With concern for the environment growing on a daily basis, many travellers are thinking twice before they plan their next big adventure. Most of the time, travel is wasteful. Pollutants are released into the air, fossil fuels are burned, and garbage is left behind. Things don’t have to be that way if you change the way you travel. With eco-friendly travel on the rise, it’s easier than ever.

1. Be Careful About Generating Trash

You can use the same reusable containers you use at home. Just bring them with you. Most establishments will happily serve you food and drinks in the containers you’ve provided. You can wash them and reuse them for your entire trip, minimizing or eliminating the need for single use disposable products.

2. Choose Your Accomodations Wisely  Staying at a hotel makes it hard to prepare your own meals and recycle what you need to recycle. Looking into flat shares is a great option – especially if the person you’re staying with already lives in an environmentally responsible way. You’ll have a kitchen you can use to prepare food you’ve purchased rather than having to eat out all the time, and you can take full advantage of the environmental sustainability of the home you’re staying in.

2. Choose Your Accomodations Wisely

Staying at a hotel makes it hard to prepare your own meals and recycle what you need to recycle. Looking into flat shares is a great option – especially if the person you’re staying with already lives in an environmentally responsible way. You’ll have a kitchen you can use to prepare food you’ve purchased rather than having to eat out all the time, and you can take full advantage of the environmental sustainability of the home you’re staying in.

3. Opt Into Nature and Out of Tourist Traps

Tourist traps use up a lot of electricity and generate a lot of waste. The best way to view this situation is by thinking about what really matters the most. An attraction designed for a tourist doesn’t necessarily embody the spirit of your destination. What about the nature, or the wildlife reserves? You can enjoy a place even more when you venture to its roots.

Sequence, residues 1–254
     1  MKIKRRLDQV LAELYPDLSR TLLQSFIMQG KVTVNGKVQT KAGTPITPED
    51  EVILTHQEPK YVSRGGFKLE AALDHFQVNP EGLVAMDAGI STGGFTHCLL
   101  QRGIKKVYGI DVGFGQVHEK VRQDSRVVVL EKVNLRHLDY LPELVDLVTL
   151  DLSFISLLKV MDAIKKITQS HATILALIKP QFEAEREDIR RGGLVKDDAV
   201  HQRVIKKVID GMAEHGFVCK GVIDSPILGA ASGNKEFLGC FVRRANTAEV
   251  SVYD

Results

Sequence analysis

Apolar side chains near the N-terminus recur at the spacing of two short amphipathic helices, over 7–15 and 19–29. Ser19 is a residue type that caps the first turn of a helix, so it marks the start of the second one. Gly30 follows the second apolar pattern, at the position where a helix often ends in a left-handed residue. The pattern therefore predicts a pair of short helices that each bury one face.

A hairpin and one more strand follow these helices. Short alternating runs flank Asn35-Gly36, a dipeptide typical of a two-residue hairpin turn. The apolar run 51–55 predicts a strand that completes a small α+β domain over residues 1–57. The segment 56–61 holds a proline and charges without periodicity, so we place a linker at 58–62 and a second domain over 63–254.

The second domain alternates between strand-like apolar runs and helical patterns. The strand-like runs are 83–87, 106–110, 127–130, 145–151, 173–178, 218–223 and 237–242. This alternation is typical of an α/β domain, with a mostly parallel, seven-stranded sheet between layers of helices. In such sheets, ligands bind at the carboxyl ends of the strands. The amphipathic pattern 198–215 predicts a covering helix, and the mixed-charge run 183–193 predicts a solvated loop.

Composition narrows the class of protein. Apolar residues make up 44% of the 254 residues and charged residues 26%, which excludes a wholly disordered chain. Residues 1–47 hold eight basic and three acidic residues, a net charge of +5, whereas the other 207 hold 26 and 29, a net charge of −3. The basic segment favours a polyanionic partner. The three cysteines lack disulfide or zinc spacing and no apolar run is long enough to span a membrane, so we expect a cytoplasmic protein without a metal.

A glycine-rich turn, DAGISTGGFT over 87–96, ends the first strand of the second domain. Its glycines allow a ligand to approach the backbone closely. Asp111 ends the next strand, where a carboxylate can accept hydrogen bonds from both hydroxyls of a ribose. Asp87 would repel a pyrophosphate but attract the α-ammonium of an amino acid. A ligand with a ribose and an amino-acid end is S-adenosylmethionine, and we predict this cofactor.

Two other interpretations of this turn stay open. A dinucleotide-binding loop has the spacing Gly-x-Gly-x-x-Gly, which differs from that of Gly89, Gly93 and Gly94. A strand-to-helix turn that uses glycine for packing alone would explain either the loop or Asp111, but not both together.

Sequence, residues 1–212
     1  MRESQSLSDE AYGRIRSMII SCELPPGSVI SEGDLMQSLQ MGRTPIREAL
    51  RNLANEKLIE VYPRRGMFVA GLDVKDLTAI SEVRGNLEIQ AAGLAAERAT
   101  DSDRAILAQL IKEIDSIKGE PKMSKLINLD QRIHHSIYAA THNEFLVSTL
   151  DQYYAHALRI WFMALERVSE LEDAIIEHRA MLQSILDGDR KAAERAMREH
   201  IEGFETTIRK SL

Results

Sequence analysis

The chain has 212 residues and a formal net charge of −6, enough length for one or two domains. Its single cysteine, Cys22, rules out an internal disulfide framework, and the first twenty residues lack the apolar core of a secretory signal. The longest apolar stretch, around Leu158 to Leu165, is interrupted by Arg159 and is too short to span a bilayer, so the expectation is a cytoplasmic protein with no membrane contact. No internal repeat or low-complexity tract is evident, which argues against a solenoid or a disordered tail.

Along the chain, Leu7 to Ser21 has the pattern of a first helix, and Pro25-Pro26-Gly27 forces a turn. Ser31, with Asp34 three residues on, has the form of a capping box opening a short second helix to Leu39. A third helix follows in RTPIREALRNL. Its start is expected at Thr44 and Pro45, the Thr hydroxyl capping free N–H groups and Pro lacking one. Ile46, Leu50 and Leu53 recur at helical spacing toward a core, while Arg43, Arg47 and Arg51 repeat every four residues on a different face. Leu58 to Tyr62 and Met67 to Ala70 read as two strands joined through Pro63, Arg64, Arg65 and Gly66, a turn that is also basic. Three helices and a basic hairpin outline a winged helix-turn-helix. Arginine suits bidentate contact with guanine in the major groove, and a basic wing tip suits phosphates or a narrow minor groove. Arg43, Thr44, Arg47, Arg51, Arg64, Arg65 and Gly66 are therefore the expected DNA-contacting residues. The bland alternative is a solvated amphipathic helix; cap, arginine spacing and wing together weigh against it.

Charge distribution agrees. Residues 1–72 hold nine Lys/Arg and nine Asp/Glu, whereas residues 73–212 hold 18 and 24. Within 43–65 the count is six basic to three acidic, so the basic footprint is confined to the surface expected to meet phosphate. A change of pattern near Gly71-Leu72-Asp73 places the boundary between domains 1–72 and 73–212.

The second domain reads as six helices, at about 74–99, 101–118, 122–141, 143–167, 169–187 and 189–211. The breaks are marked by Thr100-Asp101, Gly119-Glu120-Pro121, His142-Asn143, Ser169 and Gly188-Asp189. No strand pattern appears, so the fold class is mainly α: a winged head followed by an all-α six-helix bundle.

4. Investigate Your Transportation Options

Cities that see a lot of tourism often offer high efficiency electric scooters or bicycles that can be rented for local travel. If you need to go a longer distance, stick to the public transportation. Not only will you save the money you would have spent on a rental, but you also won’t be adding to the emissions while you’re away.

5. Stay Local

One of the best things about exploring a new place is enjoying the things they produce locally. Craft beers, boutique wines, locally grown coffee, and farmer’s market food gives you a chance to try something new and exciting. Don’t rely on imports when you don’t have to – they put more strain on the environment, and you’ll really be missing out on the most delicious aspects of a new place.

6. Keep It Intimate

The more people on the trip, the more of an impact you’ll have. Don’t bring people who don’t really want to go. Giant group trips are really hard to plan and they’re very expensive. Limit your travel companions to the people in your closest circle. Take your sweetheart, your best friend, or even go it alone.

7. Give Back When You Take

We all share the same environment. While you’re away, volunteer to improve or protect the environment. You’ll learn a lot, meet the locals, and give back to the community you’re experiencing. If you can’t find an opportunity while you’re away, do some good for the environment back at home. We all live on one planet, and when good is done in any part of the world, it affects everyone positively.

You don’t have to let concerns about the environment prevent you from going out and enjoying your life. Just be smart in the way you travel, and do your best to respect the world no matter where you are.

Jessica Landor is an experienced blogger who likes to share her knowledge and write about anything that makes other’s lives better and easier. She likes to cover productivity, green living and self-improvement topics. Whenever not working, she’s on her yoga classes.

Nebraskans Install First Solar Panels Inside the Keystone XL Pipeline Route

‘Solar XL’ project breaks ground along Keystone XL pipeline in Nebraska, highlighting clean energy solutions over the fossil fuel industry